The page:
Beat The Heat!

BBQ tri-tip sandwich served at Jack’s Urban Eats in Walnut Creek. Photo: Jack’s Urban Eats

After enduring a seemingly endless winter, summer is finally on its way, bringing warm nights to the area. Here are some great locations to try when you’re ready to beat the heat and get out of the kitchen.

Jack’s Urban Eats

The casual farm-to-table revolution continues to take the 680 corridor by storm with the addition of Jack’s Urban Eats in Walnut Creek.

Seasonal fruits and veggies meet house-made dressings to create beautiful salads. Stations with fresh, hand-carved roasted turkey and tri-tip are at the ready to fill your plates and sandwiches with the type of comfort food that is reminiscent of Sunday dinner at Grandma’s house – complete with a side of mashed potatoes.

I loved the Western BBQ Steak salad, which is a hearty salad filled with kidney and garbanzo beans, corn, jicama, diced tomatoes, carrots and mixed greens tossed with fresh dill dressing. It is topped with a generous helping of tender chipotle BBQ tri-tip and fried onion strings. Entrées start at $7.50. Open daily, 11am-9pm. Beer and wine only. 2862 Ygnacio Valley Road in Walnut Creek.

Beat the Heat

Mango Prawn Salad Served at Wonderland in Danvile. Photo via Yelp.


San Francisco’s Wonderland has arrived in the East Bay, opening in Danville this spring. Billed as American-style Chinese food, the restaurant features many typical Chinese-style dishes, as well as some pleasant surprises, like spring rolls filled with avocado and sweet slices of onion that are deep fried until golden.

Our server highly recommended the basil eggplant with scallops and prawns. Bell peppers and a mild hoisin sauce finished off this dish. It was my favorite of the evening.

The cumin chicken was lean and tasty – again, not a flavor I would necessarily expect to find at a Chinese restaurant. The Kung Pao beef, tender with a great kick, was an excellent choice. The menu includes many vegetarian and vegan options. Dishes start at $9.50. Open Wed. – Mon., 11am-3pm and 5-9pm. Closed Tuesdays. Beer and wine only. 150 Hartz Ave. in Danville.

Healthy Food Options served at Gobi Mongolian Grill in Pleasanton. Photo via Yelp.

Gobi Mongolian Grill

At Gobi Mongolian Grill in Pleasanton, you get to pick the ingredients that comprise your meal. The all-you-can-eat restaurant is set up similar to a salad bar. Choose your protein, add some veggies – or lots of them – it’s up to you. Add an oil and a sauce, then turn your bowls over to the cook who will stir fry the ingredients on a communal grill. My thinly sliced beef was tender and I loved the garlic sauce that I selected to cook it in. If you’ve never tried Mongolian BBQ, Gobi is a great introduction. If you love it, but want a more casual dining experience, this is it.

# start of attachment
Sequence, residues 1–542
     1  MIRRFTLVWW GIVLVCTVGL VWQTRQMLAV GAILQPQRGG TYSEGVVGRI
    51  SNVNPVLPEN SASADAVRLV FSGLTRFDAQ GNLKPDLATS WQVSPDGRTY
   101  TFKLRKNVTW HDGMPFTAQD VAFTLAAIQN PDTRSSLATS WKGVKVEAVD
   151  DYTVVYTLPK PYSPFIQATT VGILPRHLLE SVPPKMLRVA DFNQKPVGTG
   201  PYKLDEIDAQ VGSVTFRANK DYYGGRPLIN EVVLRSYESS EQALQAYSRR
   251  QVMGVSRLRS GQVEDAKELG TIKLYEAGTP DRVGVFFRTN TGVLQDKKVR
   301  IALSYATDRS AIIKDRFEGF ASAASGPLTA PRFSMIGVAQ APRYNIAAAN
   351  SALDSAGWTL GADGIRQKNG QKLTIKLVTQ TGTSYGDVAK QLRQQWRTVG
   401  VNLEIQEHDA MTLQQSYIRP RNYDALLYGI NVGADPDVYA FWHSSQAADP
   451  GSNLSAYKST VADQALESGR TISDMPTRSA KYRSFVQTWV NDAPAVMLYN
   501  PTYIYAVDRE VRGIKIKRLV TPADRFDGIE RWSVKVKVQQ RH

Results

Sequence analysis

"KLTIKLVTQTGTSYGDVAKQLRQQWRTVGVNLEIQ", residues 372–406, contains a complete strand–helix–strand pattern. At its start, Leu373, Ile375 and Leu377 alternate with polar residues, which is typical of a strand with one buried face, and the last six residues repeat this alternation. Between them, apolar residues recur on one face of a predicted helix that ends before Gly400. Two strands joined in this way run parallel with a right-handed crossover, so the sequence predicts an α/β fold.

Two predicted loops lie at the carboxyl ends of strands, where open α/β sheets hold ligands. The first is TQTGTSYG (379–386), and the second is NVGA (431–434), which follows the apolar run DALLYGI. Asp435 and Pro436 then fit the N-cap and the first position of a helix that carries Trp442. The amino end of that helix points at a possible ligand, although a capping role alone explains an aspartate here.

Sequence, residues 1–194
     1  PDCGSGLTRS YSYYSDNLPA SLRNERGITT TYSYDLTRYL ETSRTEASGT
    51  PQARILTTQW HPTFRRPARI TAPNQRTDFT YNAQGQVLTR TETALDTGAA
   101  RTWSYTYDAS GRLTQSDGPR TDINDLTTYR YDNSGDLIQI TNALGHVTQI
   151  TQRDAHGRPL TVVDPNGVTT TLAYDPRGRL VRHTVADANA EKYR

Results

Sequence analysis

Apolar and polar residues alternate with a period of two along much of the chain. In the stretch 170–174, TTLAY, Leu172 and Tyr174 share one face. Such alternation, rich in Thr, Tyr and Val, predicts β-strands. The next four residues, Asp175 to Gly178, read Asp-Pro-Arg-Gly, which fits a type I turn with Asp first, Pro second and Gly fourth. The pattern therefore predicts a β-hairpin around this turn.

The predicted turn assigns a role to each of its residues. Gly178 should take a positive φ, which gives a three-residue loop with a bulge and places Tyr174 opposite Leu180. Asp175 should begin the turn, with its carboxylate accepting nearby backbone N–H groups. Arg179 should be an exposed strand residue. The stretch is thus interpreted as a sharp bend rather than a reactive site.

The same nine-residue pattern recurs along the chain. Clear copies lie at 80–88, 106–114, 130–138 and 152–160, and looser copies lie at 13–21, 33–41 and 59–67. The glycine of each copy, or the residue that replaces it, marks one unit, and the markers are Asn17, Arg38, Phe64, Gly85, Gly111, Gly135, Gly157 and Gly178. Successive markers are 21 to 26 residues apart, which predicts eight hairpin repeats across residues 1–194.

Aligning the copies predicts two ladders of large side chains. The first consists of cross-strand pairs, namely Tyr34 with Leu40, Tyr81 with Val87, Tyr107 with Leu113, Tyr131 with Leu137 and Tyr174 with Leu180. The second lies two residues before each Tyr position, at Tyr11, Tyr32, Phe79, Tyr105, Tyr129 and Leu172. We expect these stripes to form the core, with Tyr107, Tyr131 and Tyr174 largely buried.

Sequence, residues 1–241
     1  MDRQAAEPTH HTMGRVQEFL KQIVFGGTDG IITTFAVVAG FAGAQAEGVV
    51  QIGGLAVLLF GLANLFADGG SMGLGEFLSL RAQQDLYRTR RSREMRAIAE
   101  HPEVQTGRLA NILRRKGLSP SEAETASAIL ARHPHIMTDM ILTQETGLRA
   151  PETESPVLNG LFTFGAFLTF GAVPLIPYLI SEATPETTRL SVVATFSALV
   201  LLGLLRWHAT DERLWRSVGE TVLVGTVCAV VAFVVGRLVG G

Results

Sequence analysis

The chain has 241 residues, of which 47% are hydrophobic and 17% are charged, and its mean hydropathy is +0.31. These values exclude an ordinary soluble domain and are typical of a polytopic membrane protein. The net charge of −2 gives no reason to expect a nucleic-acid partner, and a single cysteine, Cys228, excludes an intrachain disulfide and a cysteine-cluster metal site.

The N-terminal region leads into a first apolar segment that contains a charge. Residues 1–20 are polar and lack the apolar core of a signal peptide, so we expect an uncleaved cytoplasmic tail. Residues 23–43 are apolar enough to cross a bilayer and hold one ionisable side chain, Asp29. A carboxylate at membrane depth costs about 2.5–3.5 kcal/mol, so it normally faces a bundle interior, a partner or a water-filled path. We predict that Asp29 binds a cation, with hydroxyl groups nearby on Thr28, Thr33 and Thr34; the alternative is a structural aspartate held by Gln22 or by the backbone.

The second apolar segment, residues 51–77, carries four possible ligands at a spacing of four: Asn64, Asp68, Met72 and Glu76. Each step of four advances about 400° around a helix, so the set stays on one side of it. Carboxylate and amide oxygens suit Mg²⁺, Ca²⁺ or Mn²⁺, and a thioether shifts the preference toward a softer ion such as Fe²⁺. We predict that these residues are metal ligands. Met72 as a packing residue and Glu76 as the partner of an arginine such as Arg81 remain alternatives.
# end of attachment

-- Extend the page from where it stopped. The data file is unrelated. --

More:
All you can eat is $11-$13. Open Mon. – Fri., 11am – 3:30pm and 5-9pm, Sat. and Sun., 11am-9pm.  No alcohol. Because everything is cooked on a communal grill, I would not recommend for people with food allergies. 4811 Hopyard Road, Suite G-1 in Pleasanton.

Beat the Heat

Tandoori Chicken served at Caraway Indian Cuisine in Livermore. Photo via Yelp.

Caraway Indian Cuisine

Caraway Indian Cuisine is a welcome addition to the Livermore dining scene for those craving a casual lunch or dinner. Order at the counter, then have a seat at one of the many  farmhouse-style tables. You can order individual dishes, or make it a combo like I did.

Start with an entrée choice. I decided on chicken tikka masala with boneless chicken breast in a savory sauce with just a hint of sweetness to it. Next, add bread or rice, then choose a salad. I decided on pickled beets. Round it out with a side dish, which are more of what I would consider appetizers. The vegetable pakora was a great choice. Combos are served in a bento box.

Combos start at $7.99. Open daily, 10am – 3pm and 4:30-9pm. No alcohol. 1536 North Vasco Road in Livermore.

Janet Fazio writes ‘Tastes of Your Town’, a monthly feature on East Bay dining in the print editions of Your Town Monthly. A version of this article was originally published in June 2017.

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